Moses also tells the Israelites what to do if a prophet or dream-diviner suggests they follow another god… even if the signs or forecasts of this person come to pass. They should not follow his words. The people are told only to follow the laws of the Eternal. “As for the prophet or dream-diviner, such a one shall be put to death for having urged disloyalty to the Eternal your God…” (Deut. 13:6)

But Moses goes further in this matter: “If your brother, your own mother’s son, or your son or daughter, or the wife of your bosom, or your closest friend, entices you in secret, saying, ‘Come let us worship other gods; – whom neither your not your ancestors have experienced – from the gods of the peoples around you… do not assent or give heed to any of them. Show no pity or compassion and do not cover up the matter: but take that person’s life… Stone that person to death for having sought to make you stray from the Eternal your God…” (Deut. 13:7-11)

Then Moses instructs the people on what to do if they hear of a town that has been subverted to worship another god. (applies towns that are in the land that the Eternal has given the Israelites) “You shall investigate and inquire and interrogate thoroughly. If it is true, the fact is established – that abhorrent thing was perpetrated in your midst – put the inhabitants of that town to the sword and put its cattle to the sword. Doom it and all that is in it to destruction: gather all its spoil into the open square, and burn the town and all its spoil … it shall remain an everlasting ruin, never to be rebuilt.” (Deut. 13:13-17)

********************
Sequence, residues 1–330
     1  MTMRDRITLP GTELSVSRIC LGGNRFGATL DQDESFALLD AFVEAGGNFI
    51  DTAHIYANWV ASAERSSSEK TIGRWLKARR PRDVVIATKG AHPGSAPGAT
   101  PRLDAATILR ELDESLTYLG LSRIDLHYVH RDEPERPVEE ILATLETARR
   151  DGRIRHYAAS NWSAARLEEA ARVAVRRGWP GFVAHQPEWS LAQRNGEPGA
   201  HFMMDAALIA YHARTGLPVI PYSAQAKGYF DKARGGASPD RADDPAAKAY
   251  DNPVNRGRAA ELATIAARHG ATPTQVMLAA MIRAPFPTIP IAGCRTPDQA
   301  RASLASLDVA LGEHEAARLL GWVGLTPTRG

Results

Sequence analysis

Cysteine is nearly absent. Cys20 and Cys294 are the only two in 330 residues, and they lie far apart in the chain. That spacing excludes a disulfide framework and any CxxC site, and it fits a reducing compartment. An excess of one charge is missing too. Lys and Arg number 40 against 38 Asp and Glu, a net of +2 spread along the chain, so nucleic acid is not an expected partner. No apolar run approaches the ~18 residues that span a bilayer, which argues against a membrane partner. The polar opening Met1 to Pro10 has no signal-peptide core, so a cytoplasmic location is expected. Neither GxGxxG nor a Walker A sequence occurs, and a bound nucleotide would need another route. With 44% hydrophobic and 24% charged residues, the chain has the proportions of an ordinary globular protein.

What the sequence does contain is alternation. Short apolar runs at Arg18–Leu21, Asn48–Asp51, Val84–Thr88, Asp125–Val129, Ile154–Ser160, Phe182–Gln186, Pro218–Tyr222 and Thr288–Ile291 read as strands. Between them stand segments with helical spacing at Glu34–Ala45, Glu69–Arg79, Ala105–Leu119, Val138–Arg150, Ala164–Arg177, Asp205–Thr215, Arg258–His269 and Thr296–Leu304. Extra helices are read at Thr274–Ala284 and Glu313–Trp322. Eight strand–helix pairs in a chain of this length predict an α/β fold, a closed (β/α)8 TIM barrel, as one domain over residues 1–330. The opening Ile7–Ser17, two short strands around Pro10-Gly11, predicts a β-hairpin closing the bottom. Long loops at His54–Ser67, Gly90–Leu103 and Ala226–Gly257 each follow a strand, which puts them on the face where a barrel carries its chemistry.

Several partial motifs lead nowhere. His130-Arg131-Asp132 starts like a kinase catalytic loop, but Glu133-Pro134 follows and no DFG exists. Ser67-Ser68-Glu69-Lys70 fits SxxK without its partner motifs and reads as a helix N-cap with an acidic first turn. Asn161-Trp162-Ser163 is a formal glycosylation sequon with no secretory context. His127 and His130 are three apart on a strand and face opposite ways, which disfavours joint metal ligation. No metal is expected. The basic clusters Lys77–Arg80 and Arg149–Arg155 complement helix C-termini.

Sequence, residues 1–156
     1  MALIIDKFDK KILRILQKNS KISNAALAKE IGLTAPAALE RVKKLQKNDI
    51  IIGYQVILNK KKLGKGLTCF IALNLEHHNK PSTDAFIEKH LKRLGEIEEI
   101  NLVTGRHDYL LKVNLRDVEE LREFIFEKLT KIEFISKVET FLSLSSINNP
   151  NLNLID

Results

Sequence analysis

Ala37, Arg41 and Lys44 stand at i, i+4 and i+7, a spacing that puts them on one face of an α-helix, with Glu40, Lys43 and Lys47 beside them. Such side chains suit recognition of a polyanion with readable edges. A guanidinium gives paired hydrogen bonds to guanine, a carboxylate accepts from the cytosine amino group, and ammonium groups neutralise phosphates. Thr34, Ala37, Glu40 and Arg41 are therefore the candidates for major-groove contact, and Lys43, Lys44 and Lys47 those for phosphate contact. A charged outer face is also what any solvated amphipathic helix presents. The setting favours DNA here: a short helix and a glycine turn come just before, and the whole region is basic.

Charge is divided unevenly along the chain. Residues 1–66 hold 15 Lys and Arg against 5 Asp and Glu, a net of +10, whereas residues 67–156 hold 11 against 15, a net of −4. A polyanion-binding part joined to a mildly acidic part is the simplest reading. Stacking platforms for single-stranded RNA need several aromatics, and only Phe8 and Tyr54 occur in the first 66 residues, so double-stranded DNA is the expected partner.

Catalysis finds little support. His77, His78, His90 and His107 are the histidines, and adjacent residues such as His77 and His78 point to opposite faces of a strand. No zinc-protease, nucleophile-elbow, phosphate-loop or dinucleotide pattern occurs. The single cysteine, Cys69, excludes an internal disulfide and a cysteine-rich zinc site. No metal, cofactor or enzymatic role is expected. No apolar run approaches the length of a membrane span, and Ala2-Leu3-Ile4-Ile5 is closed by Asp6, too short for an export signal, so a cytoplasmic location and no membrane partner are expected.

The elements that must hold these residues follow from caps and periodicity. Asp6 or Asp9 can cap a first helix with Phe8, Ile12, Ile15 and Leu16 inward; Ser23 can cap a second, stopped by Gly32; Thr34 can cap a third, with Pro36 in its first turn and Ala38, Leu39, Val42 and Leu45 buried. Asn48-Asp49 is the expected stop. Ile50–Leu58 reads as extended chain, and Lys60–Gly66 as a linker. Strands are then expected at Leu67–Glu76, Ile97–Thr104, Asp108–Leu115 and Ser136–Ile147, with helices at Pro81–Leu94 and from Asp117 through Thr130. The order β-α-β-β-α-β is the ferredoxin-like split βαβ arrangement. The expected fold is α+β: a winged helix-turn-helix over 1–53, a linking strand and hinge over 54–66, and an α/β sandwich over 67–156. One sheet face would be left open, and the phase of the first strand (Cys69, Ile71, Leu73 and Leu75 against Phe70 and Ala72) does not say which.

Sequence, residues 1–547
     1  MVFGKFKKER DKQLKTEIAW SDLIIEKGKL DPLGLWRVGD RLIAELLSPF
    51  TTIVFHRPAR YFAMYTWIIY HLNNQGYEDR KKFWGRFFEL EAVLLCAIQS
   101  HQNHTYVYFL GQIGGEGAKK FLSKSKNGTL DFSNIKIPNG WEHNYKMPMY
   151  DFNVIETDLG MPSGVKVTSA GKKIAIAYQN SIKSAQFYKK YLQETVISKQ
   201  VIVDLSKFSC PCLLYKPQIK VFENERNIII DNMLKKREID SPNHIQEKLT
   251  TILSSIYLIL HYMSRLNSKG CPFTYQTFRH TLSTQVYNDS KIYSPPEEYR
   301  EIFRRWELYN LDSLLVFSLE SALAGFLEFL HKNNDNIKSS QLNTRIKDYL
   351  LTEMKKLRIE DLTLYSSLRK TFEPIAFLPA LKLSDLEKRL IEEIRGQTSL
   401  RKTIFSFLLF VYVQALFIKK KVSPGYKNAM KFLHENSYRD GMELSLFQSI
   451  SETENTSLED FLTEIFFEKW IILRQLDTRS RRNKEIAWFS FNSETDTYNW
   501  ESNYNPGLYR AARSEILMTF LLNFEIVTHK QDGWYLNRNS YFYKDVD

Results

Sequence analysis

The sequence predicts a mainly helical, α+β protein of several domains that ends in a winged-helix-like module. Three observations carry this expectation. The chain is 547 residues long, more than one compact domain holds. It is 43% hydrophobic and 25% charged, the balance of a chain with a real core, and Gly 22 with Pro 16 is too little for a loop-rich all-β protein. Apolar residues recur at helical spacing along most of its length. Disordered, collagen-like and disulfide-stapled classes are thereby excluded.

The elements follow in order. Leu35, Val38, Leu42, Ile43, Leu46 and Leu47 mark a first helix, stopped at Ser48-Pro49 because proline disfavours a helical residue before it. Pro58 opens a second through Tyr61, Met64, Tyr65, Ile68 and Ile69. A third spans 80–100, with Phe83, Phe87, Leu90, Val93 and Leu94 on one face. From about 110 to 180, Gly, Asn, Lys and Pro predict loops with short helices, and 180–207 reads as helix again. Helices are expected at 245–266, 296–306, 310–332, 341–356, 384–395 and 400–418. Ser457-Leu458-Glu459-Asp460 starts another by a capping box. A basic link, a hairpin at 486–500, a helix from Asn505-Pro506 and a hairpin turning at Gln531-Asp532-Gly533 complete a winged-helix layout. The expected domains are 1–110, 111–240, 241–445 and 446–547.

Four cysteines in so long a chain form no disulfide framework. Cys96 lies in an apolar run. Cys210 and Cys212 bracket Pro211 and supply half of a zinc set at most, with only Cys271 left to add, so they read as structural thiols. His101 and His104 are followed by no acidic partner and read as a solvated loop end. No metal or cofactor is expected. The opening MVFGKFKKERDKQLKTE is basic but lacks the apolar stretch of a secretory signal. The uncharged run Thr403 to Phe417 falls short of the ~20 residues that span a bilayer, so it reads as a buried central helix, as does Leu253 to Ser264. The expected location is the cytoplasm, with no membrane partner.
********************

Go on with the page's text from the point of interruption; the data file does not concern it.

No one today would suggest such a violent remedy for those who stray from following the Eternal. Maybe Moses feared that the Israelites would, upon entering the land, see success and attribute to the local people and their beliefs. He felt drastic actions were needed to assure the survival of a people who followed the Eternal.

However, an examination of contemporary Reform Judaism finds that many still worry about the future of our faith. No one is suggesting that we should follow the instructions of Moses. But, there is much discussion as to what should be done.